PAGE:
Therefore, a single feature vector (E) is obtained for each PQ event. The classier has a less input dimension (total 9 inputs). The feature variations in an event having different parameters such as switching time instant is similar to each other, even if event is nonsymmetrical. 4.3. The classication stage In the classication stage, the PQ event is classied using the SVM classier. Firstly, the SVM classier parameters (the parameter C and the kernel parameter) are selected by 10-fold cross-validation. By scanning the chosen parameter range, the parameters resulting in the lowest classication error are determined. In next step, the SVM classier is trained according to these parameters.

Time (s) V (pu)


1 0.5 0 -0.5 -1 0.00 0.02 0.04 0.06 0.08 0.10

Time (s)

Fig. 3. The event waveforms of: (a) single phase to ground fault, (b) phase to phase fault, and (c) three phase fault.

4098

H. Eris ti, Y. Demir / Expert Systems with Applications 37 (2010) 40944102

V (pu)
1 0.5 0.0 -0.5 -1 0.00 0.02 0.04 0.06 0.08 0.10

fault (C4) are chosen. The load switching event (C5), capacitor switching event (C6) and the transformer energizing event (C7) are selected for switching events. 5.1.1. Fault-induced events In the power system, faults are abnormal events which are not part of normal operation and unwanted by the network operator. The single-phase ground fault causes a large voltage drop in the faulted phase and a slight drop (solidly earthed system) or overvoltage (the nongrounded systems) in the non-faulted phases, as in Fig. 3a. A phase-to-phase fault leads to a voltage drop between the faulted phases, as shown in Fig. 3b. Due to three phase fault event, the voltage dips occur with an equal drop in the three phases shown as Fig. 3c. 5.1.2. Switching events Switching events are normal events that are part of the normal operation of the system. The switching of large loads gives an equal drop in the three phase voltages, as shown in Fig. 4a. In the system voltage, capacitor switching causes an oscillatory transient. Fig. 4b illustrates a typical capacitor switching event. The transformer energizing gives a large current, related to the saturation of the core ux, which results in a dip with different voltage magnitude in the three phases. The dip is further associated with a high harmonic distortion, including even harmonics. An example is shown in Fig. 4c. 5.2. Simulation of PQ events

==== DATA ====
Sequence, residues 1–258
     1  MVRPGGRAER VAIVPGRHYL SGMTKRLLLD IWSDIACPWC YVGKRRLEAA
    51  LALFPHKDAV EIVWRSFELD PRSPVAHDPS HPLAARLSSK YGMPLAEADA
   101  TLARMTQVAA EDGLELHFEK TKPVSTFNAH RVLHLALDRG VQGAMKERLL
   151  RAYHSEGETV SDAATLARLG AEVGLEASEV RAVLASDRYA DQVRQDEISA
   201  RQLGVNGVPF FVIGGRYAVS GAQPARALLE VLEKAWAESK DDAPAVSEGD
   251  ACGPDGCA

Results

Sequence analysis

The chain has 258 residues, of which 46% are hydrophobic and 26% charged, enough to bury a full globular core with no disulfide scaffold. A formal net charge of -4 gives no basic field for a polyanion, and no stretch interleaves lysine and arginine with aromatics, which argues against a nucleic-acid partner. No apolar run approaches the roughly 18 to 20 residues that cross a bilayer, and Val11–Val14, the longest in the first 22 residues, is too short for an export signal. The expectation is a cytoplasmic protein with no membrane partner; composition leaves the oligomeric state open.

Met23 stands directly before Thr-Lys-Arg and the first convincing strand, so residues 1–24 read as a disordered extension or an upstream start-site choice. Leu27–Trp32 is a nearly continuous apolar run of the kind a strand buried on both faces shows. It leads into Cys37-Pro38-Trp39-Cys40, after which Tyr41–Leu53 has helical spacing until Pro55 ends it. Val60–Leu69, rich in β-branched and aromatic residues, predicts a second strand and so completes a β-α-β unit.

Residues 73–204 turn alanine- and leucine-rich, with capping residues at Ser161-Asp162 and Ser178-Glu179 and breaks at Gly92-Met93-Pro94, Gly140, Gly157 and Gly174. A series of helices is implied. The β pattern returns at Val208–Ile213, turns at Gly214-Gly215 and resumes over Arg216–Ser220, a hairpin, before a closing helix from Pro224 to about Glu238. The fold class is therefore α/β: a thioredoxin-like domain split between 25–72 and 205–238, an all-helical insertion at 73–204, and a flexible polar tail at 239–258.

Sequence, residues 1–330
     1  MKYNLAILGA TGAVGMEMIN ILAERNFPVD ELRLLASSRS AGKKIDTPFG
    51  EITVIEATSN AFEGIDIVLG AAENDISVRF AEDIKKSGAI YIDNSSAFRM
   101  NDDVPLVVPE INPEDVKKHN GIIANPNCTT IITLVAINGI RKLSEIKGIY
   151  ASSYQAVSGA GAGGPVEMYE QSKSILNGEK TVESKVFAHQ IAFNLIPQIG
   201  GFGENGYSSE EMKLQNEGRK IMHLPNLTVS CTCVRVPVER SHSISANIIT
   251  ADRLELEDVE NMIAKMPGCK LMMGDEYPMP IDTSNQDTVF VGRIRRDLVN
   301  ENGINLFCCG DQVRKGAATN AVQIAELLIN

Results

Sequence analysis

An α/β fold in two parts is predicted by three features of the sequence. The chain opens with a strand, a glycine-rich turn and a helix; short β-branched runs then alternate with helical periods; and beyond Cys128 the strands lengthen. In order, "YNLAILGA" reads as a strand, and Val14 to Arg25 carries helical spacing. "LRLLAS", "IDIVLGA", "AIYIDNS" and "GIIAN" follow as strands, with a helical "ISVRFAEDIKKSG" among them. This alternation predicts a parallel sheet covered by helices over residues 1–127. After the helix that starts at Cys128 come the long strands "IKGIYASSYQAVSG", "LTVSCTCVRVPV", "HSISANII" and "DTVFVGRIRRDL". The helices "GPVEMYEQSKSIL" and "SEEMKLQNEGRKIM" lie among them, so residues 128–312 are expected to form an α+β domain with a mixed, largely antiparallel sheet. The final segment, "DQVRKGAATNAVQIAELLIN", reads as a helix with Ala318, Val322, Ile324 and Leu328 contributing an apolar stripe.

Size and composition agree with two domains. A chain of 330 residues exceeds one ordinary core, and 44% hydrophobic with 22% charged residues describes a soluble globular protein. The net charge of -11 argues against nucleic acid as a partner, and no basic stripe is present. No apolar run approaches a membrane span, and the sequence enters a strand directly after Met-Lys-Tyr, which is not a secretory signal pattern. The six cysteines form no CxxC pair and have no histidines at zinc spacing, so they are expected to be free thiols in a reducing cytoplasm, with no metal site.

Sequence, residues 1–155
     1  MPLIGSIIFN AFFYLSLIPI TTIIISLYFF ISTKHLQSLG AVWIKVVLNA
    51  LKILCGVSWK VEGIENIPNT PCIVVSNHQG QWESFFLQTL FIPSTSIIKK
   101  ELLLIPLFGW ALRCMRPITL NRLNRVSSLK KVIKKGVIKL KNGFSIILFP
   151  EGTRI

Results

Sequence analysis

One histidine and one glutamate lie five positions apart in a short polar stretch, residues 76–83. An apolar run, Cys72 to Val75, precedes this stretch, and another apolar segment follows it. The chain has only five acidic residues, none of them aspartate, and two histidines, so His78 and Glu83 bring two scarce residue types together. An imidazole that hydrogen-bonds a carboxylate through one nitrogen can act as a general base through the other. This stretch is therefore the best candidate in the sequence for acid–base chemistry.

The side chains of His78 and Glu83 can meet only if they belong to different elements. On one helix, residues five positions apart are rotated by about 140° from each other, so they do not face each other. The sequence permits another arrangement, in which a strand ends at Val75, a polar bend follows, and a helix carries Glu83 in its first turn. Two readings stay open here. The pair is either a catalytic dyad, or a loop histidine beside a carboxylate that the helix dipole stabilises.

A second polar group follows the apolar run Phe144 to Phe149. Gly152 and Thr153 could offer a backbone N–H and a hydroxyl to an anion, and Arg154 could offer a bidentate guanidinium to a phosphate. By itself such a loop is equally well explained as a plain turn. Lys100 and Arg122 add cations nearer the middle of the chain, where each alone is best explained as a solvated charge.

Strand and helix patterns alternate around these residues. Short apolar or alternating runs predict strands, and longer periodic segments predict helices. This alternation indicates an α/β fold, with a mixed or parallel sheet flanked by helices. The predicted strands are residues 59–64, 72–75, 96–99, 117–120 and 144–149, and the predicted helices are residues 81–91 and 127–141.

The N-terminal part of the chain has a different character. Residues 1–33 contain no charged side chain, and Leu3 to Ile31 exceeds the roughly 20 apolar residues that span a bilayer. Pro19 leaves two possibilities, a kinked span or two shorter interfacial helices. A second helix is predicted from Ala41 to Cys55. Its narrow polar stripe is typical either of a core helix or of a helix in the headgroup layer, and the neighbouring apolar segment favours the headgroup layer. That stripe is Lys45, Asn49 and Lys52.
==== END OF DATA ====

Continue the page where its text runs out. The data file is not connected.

0.02 0.04 0.06 0.08 0.10

Time (s) V (pu)


1 0.5 0.0 -0.5 -1 0.00 0.02 0.04 0.06 0.08 0.10

Time (s) V (pu)


1 0.5 0.0 -0.5 -1 0.00

Time (s)

Fig. 4. The event waveforms of: (a) load switching, (b) capacitor switching, and (c) transformer energizing.

In order to evaluate the performance of the proposed event classication algorithm, different PQ events were generated using ATP/ EMTP, which is commonly used a power system simulation tool (CanAm EMTP User Group., 1992). A test model based on the WECC 9-bus system which is usually used in power ow and transient stability studies (Zhang & Kezunovic, 2007) is implemented in

M1

CB

M2

2 1

Fig. 5. On-line diagram of WECC9-bus system.

H. Eris ti, Y. Demir / Expert Systems with Applications 37 (2010) 40944102 Table 1 Simulation variables data set used in the event simulation. Event types Fault-induced events Single phase to ground Phase to phase Three phase Event types Switching events Load switching Capacitor switching Transformer energizing Incidence angle () 0324 by step of 36 0324 by step of 36 0324 by step of 36 Switching angle () 0324 by step of 36 0342 by step of 18 0342 by step of 18 Loads (%) 50100 50100 50100 Loads For bus 10: 25% + 575% by step of 12.5, and other 100% 50100% For bus 10: 25% + 575% by step of 12.5, and other 100% Fault locations (mile) 12.5187.5 by step of 12.5 12.5187.5 by step of 12.5 12.5187.5 by step of 12.5 Fault resistance (X) 10200 by step of 10 110 by step of 10 110 by step of 10